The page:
It’s been 10 years since NPR dubbed Nir Felder “The Next Big Jazz Guitarist.” In that time, he released his estimable debut as a leader, Golden Age
, in 2014, and now delivers his sophomore effort, II
Six years is a considerable gap between albums, which, judging by II
, gave Felder ample time to fill a large satchel with compositional, sonic and studio ideas. The result is an album that seems over-thought and is ultimately overwrought. Most of the tunes are stuffed with contrasting melodic motifs, jarring changes, odd-meter rhythms, spacey synth interludes and overdubbed textural sequences. Felder, 37, layers on the added instrumental parts himself.
A prime example is the closer, “War Theory.” The piece starts promisingly, with a set of majestic chords, but then gives way to a series of busy, sprinkling arpeggios. The song alternates between these two modes for a spell before introducing a crunchy rock riff, followed by a thick synth wash and Jimmy Macbride’s taut, odd-meter drumming. And that’s just the first third of a nearly nine-minute composition. “Big Heat” begins as a pumping shuffle à la Jeff Beck, disassembles into a maelstrom of awkward feints and jabs, then evolves into a bop sprint. (He should’ve stuck with the shuffle.)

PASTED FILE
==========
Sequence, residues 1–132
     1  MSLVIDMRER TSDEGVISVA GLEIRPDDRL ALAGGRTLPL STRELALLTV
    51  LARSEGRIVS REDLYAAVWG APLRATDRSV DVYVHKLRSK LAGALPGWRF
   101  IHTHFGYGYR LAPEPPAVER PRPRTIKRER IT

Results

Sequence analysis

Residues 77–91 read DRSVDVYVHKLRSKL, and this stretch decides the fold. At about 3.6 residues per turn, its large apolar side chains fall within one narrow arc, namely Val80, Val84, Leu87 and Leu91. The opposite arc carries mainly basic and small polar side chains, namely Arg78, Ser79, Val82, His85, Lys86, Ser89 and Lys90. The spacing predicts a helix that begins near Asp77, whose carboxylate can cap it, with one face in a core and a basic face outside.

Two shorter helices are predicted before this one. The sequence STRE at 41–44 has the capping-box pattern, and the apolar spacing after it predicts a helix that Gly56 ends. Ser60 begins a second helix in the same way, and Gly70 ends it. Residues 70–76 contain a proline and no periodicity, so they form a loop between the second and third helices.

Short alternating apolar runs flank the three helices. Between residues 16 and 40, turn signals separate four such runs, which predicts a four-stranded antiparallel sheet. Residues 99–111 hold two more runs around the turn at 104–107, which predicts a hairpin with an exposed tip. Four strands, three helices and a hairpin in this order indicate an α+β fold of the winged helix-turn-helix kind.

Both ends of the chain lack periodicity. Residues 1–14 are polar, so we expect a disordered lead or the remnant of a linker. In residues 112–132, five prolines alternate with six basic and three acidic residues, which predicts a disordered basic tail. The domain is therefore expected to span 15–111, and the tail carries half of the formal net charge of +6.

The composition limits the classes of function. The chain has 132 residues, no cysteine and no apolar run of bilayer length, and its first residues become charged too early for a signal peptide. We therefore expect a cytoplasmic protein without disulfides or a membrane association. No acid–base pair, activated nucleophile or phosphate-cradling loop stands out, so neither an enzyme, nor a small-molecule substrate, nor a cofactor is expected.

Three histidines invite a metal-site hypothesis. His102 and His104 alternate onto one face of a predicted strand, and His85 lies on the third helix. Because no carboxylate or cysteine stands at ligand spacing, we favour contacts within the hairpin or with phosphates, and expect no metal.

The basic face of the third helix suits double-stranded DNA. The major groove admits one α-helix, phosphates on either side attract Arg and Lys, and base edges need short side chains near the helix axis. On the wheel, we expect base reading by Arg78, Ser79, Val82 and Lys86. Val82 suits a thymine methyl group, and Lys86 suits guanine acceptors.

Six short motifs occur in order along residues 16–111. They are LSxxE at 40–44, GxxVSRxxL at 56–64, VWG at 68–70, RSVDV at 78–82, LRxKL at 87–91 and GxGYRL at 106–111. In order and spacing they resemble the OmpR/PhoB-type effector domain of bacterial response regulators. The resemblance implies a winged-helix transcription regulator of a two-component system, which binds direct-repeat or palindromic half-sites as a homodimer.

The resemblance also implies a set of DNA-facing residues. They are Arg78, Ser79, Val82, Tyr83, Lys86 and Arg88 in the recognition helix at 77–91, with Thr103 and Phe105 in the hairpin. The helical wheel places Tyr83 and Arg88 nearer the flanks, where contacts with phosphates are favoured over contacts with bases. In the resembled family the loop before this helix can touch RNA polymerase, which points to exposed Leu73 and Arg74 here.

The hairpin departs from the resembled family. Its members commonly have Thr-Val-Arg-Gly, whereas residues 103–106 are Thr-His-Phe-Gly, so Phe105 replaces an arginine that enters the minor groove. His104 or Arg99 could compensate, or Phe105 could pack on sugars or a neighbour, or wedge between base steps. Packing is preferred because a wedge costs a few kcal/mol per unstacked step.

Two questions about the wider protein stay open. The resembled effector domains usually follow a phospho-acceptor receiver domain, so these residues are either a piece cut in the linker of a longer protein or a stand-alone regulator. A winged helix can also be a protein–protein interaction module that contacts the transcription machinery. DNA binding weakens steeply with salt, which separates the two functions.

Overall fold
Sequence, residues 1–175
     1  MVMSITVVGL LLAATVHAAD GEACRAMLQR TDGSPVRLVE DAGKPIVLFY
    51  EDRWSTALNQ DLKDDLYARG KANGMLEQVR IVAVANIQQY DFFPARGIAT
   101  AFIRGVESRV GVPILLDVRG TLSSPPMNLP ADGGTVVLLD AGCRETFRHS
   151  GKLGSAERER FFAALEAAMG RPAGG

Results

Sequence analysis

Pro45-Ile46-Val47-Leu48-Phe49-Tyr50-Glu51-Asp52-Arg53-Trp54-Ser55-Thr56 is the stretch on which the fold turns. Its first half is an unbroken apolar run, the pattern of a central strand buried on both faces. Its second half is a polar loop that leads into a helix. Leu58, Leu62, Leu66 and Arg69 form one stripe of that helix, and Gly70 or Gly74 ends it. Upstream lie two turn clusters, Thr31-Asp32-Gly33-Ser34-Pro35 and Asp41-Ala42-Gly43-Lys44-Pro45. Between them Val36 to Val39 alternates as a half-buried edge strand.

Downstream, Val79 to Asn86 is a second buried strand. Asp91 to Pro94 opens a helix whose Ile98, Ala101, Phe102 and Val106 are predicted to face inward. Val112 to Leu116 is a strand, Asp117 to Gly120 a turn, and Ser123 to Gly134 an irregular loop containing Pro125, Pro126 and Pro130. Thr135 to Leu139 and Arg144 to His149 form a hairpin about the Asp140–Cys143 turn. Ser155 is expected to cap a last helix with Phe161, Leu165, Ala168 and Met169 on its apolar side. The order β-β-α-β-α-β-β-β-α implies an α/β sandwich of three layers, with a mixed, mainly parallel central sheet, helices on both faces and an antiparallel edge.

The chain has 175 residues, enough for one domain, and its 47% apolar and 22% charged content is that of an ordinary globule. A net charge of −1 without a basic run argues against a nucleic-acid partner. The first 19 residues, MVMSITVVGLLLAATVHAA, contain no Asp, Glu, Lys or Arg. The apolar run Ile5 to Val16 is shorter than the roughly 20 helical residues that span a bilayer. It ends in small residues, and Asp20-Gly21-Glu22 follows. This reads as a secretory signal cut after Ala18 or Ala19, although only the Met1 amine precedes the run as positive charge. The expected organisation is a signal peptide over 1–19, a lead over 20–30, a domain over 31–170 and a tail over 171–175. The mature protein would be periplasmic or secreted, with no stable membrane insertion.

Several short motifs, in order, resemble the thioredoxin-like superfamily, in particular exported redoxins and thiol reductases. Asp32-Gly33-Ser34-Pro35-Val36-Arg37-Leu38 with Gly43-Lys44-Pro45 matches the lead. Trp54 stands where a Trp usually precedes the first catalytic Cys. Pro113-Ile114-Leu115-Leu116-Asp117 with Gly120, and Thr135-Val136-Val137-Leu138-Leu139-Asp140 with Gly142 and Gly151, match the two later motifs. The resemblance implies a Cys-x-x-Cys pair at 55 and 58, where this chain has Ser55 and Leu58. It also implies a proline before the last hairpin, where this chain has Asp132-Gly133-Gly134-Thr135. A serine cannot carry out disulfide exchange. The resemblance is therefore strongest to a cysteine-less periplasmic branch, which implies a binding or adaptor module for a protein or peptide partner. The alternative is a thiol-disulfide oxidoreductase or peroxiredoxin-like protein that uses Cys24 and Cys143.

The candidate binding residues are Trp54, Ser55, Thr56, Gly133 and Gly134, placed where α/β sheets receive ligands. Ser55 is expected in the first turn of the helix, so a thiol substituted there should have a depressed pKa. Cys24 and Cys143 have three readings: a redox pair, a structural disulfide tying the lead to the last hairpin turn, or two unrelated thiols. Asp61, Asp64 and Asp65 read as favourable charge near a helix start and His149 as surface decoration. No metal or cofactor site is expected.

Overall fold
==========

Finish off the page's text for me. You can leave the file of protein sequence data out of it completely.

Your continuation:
There are exceptions. “Coronation” is a slow-burn strut built on a seductive chord melody that nods to Hendrix. Felder’s jazz-toned, rock-leaning solos are well paced and deliver a few goosebump crescendos. Matt Penman’s acoustic bass solo is a welcome touch. The opener, “The Longest Star” — although it owes a bit too much to early Pat Metheny — is warmly melodic and succinct at just under three minutes. Felder’s instrumental prowess is evident throughout, but the deluge of ideas often obscures his playing and prevents it from finding a consistent flow. He would have done well to spread the solo spotlight around more. II
feels like an ambitious project that got out of hand. — Eric Snider Photo credit Justin Bettman